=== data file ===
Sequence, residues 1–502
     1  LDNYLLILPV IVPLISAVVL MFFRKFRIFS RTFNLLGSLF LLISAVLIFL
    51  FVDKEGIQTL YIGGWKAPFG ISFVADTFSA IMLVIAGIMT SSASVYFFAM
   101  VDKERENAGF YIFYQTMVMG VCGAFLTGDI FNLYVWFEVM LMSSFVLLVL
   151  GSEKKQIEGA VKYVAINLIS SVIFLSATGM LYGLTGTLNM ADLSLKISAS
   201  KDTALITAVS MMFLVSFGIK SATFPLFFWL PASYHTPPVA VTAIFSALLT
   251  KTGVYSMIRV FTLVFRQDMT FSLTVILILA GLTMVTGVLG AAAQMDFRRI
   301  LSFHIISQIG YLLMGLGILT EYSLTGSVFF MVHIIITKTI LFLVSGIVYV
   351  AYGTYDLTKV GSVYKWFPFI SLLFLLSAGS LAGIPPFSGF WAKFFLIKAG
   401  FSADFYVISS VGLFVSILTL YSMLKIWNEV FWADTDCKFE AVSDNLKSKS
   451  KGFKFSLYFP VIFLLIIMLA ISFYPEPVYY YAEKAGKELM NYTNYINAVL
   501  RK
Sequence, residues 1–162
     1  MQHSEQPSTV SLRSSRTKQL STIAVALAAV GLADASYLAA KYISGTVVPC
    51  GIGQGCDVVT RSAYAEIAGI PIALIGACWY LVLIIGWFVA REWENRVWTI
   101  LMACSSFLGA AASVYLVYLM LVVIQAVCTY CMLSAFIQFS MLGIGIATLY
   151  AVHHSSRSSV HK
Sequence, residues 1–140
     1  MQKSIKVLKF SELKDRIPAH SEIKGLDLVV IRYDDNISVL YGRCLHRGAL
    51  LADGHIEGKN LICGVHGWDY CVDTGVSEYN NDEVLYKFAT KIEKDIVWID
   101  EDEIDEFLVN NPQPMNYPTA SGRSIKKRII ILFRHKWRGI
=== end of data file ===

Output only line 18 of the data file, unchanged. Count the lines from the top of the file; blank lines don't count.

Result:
Sequence, residues 1–140